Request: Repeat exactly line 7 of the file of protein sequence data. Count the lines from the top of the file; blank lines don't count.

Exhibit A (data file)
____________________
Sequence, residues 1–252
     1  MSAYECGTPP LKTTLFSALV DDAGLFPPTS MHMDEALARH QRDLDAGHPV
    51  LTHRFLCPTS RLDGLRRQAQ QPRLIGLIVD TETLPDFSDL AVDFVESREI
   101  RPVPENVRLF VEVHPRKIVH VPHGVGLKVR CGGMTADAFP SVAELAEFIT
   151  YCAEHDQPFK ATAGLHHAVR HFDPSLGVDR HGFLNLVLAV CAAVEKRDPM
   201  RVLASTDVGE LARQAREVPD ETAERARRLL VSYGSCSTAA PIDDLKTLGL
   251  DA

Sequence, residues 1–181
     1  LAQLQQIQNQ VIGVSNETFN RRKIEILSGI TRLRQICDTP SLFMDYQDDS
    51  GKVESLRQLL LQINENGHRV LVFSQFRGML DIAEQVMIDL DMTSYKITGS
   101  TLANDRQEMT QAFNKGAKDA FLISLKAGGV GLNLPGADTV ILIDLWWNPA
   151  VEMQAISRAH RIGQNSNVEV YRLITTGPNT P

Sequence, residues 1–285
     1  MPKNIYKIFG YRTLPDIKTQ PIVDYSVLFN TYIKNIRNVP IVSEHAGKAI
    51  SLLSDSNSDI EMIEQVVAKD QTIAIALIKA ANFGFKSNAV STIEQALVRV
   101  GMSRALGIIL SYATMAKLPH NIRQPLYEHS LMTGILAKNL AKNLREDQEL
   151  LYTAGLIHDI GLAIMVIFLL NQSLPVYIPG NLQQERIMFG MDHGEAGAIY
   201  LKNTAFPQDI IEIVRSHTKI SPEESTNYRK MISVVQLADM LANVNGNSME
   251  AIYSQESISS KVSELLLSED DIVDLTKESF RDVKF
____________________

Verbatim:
   251  DA